The BBC 100 Women list for 2017 was revealed this week – a portfolio of inspirational individuals paving the way for female success across the globe. And this year, rather than simply publishing a list of names, as it has done for the last four years, the Beeb have upped the ante and signed 60 of the nominated subjects up to be part of their 100 Women Challenge.
The shortlist has been split into four teams in four different cities, each tasked with coming up with creative innovations for tackling four of the biggest problems facing women today: breaking the glass ceiling; sexism in sport; decreasing female illiteracy and ending street harassment. The last 40 places are up for grabs for women who significantly help each team to reach their goal by the end of October.
It's an admirable idea. Following the furore over the BBC pay gap – where it was uncovered that a disproportionate amount of their highest-earners were male, despite having the same job titles as their female counterparts – it’s no surprise the BBC would want to launch an initiative of this kind, and distance themselves from the negative press and subsequent public outcry.
But there’s a problem with the 100 Women Challenge, and one we must not ignore. While the cause itself is of incredible importance, it has once again fallen into the hands of women to attempt to solve a pervasive, global issue rooted in a power structure dominated by men.
I call this the “preaching to the choir” effect. While there are scores of women out there who - because of what they've been told and how they’ve grown up, who may not know they are worthy of equal human rights – there are many of us who do. We are aware of the second-class hand we’ve been dealt at the office, in our homes, in our relationships and on the streets, on a daily basis.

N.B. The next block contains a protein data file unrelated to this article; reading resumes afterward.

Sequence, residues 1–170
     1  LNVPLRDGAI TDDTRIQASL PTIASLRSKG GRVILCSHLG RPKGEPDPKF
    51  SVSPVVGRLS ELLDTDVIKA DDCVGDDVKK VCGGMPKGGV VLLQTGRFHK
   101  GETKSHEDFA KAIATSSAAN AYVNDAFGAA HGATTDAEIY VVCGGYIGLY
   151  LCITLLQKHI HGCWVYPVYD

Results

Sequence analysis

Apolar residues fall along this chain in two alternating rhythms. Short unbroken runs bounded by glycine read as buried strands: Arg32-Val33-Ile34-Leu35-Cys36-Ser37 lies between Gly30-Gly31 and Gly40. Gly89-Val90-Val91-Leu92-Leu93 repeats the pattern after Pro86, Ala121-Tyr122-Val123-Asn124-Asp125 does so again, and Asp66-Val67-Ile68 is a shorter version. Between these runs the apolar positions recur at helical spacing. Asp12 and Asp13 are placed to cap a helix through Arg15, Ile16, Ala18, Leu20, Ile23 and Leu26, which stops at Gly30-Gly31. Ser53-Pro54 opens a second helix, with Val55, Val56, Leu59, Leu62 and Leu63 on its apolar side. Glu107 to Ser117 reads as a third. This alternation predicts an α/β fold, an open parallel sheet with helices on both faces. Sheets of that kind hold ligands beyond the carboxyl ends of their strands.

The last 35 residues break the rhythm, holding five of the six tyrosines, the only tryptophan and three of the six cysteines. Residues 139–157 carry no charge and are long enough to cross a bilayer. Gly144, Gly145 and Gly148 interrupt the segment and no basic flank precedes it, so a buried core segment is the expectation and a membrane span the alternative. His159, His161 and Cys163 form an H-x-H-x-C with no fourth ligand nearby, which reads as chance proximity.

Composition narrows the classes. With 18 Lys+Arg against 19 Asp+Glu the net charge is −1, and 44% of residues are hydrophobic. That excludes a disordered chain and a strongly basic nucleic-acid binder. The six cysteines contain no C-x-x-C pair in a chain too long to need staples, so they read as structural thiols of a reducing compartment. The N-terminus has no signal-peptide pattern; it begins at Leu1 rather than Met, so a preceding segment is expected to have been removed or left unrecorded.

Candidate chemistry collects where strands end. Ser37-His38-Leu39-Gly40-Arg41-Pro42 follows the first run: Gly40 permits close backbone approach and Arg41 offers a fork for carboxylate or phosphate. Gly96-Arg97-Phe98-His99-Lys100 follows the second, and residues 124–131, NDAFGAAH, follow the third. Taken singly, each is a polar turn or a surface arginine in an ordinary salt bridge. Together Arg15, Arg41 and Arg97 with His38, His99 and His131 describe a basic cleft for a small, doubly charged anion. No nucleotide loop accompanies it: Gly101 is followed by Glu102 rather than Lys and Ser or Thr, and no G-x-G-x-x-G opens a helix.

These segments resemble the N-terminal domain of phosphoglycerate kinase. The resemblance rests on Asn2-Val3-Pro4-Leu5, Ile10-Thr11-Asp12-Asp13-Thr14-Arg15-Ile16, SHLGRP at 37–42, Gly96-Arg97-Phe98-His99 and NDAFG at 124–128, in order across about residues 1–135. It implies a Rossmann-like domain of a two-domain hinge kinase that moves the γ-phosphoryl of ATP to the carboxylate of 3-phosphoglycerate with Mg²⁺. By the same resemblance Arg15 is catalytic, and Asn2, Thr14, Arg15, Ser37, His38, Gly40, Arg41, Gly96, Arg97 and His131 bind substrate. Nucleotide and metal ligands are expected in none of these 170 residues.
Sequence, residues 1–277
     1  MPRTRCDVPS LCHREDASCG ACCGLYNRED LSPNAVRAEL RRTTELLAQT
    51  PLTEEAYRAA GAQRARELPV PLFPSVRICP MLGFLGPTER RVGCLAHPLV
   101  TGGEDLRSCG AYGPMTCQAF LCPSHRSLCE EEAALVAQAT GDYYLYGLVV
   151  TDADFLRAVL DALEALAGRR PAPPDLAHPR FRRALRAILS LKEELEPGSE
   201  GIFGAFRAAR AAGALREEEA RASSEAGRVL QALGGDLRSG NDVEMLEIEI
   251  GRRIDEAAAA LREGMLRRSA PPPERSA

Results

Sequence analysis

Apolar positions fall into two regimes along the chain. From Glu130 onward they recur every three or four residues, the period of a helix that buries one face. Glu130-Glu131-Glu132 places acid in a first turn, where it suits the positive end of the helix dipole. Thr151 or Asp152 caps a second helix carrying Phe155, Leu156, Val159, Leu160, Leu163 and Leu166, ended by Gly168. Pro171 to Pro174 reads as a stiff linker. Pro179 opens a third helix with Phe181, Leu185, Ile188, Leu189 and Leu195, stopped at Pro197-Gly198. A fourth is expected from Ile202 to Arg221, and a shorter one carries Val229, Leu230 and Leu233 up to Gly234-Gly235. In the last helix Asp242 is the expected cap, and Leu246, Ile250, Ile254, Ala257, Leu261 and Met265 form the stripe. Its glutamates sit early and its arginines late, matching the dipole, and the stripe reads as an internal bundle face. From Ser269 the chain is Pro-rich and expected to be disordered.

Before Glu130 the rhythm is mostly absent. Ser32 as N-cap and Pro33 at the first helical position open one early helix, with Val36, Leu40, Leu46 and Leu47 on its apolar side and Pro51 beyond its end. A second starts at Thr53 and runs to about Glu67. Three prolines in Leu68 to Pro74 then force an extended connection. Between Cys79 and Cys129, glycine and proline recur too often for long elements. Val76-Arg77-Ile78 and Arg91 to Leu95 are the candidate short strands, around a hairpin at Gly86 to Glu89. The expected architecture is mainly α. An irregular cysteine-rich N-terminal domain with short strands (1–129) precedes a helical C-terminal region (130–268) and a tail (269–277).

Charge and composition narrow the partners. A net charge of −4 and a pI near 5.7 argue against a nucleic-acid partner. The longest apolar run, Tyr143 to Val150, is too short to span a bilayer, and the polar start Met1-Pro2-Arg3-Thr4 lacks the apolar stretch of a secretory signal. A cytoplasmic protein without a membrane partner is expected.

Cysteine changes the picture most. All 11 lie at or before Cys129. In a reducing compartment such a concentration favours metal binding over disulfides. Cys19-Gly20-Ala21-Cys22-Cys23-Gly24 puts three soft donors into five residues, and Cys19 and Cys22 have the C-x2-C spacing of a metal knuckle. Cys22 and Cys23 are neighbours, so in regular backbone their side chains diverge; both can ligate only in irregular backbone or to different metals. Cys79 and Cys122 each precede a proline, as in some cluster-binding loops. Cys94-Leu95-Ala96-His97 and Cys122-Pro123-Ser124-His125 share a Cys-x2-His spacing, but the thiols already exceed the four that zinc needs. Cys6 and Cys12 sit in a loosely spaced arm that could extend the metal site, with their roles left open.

If it were down to us, we’d have nipped this gender inequality thing in the bud years ago. As it happens, it’s not, and so it persists. And that’s because the other 50% of the population don’t go through what we do, and as such, don’t think it’s their problem.
The campaigns women have led – from our rights to vote, to the continuing battle to legalise access to safe abortions – have been life-saving, life-changing and law making. But to move the issue forward, to push for a substantial cultural shift in attitudes, we need men to stand up and accept responsibility.
Their role is crucial, and the more we cut them out of the conversation by presenting gender inequality as a female issue, to be solved by women, the longer it will continue. We can shout from the rooftops about ending the traumatising effects of rape culture, for example, but until there are men challenging sexist banter in locker rooms, board rooms and class rooms, it simply isn’t going to happen.
I take my hat off to campaigns like White Ribbon and HeForShe, that are already working to encourage men to get involved in the debate, and to play an active role in ending the injustice of gender inequality. Only when men and women work together can we truly achieve a level playing field.